A Tactical Suggestion For The Sotomayor Hearings
June 19, 2009, 01:37 AM
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When it comes to racial preferences, Barack Obama and Sonia Sotomayor are ideological twins, although most Americans don't realize it yet. Unlike the master politician, however, Sotomayor tends to rub people the wrong way. Still, the Republican Senators are highly unlikely to be able to stop Sotomayor. And it's not clear that they should want to, since once on the Court, the mediocre and abrasive Sotomayor is unlikely to evolve into a William Brennan-like master backstage manipulator of the other Justices.

Still, a lengthy hearing over Sotomayor would be the best opportunity for the GOP to begin the process of enlightening the public that Obama isn't the post-racial President that David Axelrod has spun him as. Clearly, the New Haven firefighter reverse discrimination case of Ricci v. DeStefano should be central to the hearings.

Yet, old-fashioned chivalry and post-modern sensitivity both dictate that a bunch of white male conservative Senators like Jeff Sessions can't be seen asking too many probing questions of a lady / minority. The GOP needs a bad guy to pound in these hearings, but Judge Sotomayor isn't a guy.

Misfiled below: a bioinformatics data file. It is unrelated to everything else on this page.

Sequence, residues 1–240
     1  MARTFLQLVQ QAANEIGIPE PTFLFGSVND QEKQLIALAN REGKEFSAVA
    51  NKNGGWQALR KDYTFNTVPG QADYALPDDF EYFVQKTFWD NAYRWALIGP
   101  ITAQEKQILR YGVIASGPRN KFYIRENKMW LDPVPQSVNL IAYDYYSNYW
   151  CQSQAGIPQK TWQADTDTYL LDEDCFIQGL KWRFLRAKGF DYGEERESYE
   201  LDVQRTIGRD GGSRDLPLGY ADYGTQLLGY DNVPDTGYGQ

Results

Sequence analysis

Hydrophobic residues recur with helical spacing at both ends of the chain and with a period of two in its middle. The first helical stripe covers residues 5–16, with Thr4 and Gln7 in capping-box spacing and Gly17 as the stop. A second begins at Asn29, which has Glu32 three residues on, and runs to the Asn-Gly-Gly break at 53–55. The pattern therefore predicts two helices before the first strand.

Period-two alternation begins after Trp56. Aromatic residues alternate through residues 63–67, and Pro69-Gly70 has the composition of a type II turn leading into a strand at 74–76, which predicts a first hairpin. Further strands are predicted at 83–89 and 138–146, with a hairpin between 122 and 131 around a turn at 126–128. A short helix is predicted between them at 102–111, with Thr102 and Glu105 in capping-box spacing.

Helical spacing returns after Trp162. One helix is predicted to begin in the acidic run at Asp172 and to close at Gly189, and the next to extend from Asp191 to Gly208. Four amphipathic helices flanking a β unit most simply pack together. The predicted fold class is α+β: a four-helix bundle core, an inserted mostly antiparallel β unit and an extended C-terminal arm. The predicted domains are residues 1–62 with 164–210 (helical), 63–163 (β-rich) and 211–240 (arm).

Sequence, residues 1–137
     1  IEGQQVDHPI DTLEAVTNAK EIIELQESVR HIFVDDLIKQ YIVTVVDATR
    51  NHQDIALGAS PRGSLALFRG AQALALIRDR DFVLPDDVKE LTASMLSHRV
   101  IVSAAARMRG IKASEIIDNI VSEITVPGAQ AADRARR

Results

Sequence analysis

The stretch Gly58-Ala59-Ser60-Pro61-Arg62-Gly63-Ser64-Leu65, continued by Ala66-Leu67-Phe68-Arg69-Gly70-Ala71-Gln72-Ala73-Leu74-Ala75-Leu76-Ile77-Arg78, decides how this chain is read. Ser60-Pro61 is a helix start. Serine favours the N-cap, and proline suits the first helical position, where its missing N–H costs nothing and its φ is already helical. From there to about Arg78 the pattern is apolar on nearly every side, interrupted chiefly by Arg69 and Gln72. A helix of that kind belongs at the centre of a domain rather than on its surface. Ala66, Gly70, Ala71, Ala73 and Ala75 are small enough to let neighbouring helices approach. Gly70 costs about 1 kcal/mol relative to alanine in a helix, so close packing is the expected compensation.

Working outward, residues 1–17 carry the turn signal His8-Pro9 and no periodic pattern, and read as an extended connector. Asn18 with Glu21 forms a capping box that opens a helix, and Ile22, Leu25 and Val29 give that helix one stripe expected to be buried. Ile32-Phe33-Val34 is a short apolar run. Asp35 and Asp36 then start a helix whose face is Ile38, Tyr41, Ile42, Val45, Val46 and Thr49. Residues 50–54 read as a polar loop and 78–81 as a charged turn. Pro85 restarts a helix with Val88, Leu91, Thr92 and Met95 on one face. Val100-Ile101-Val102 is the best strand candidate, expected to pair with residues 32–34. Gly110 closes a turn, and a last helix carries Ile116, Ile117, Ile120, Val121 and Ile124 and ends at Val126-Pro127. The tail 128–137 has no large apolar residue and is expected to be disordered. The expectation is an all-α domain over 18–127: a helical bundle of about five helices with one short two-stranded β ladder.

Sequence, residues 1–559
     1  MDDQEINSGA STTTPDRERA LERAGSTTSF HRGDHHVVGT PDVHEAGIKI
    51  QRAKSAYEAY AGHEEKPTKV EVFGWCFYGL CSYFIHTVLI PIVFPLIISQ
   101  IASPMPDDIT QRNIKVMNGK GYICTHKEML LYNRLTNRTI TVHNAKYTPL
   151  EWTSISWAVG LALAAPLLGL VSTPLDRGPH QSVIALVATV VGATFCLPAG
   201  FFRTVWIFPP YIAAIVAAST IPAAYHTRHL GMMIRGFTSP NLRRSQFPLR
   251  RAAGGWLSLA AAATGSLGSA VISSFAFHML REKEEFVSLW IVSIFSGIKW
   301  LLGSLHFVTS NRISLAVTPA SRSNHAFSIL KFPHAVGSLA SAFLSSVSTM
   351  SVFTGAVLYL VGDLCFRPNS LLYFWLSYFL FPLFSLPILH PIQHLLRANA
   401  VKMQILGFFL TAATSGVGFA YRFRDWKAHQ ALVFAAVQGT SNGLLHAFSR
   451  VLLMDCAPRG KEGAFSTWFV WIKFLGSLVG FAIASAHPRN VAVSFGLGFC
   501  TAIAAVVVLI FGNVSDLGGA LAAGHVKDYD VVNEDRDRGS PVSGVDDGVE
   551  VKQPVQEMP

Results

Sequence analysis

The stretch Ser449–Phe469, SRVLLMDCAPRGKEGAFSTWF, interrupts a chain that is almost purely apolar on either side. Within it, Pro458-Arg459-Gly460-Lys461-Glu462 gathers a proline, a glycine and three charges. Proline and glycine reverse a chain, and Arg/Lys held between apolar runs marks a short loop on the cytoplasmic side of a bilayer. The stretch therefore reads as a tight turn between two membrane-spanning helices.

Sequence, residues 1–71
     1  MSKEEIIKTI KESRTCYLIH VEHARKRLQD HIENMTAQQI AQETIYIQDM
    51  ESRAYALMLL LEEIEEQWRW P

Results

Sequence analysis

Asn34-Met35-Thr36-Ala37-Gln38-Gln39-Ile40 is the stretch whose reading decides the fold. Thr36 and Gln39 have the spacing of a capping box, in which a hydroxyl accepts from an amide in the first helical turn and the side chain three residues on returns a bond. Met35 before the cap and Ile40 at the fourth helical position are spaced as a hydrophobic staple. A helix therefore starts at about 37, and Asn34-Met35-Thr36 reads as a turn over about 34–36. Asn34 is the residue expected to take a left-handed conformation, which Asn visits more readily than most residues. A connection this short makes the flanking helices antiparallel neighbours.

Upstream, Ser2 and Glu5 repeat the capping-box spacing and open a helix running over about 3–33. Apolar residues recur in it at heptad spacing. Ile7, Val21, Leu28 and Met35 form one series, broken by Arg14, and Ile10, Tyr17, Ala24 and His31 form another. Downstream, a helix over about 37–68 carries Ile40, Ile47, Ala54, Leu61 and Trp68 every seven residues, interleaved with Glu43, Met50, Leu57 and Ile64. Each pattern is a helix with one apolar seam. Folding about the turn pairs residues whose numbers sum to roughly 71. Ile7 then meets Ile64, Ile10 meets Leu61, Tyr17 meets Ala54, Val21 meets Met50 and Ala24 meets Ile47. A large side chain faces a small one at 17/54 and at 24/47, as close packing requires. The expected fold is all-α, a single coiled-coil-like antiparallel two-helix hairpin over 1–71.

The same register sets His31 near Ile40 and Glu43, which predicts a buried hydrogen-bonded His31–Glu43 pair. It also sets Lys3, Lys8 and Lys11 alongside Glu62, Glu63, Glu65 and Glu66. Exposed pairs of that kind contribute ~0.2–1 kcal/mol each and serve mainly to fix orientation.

So, the GOP Senators should subpoena a witness on the Ricci v. DeStefano case. They should subpeona and then roast alive on the witness stand the defendant, beady-eyed New Haven mayor John DeStefano (seen here), who engineered cheating Ricci and company out of their promotions. This will associate DeStefano's petty political machinations to please his main black supporter to Sotomayor, Obama, and racial preference supporters in general.

For examples of the kind of questions they could flail DeStefano with, just refer to the Supreme Court's oral questioning in the case. For example, Mayor DeStefano's city attorney claimed that the city had strong evidence for discarding the test as invalid after finding out the results by race. But Justice Samuel Alito pointed out the preposterousness of that claim in a scalding rhetorical question:

"[The city] chose the company that framed the test, and then as soon as it saw the results, it decided it wasn't going to go forward with the promotions. The company offered to validate the test. The City refused to pay for that, even though that was part of its contract with the company. And all it has is this testimony by a competitor, Mr. Hornick, who said—who hadn't seen the test, and he said, I could do a better test—you should make the promotions based on this, but I could give you—I could draw up a better test, and by the way, here's my business card if you want to hire me in the future.

�How's that a strong basis in the evidence?"

This could be fun.<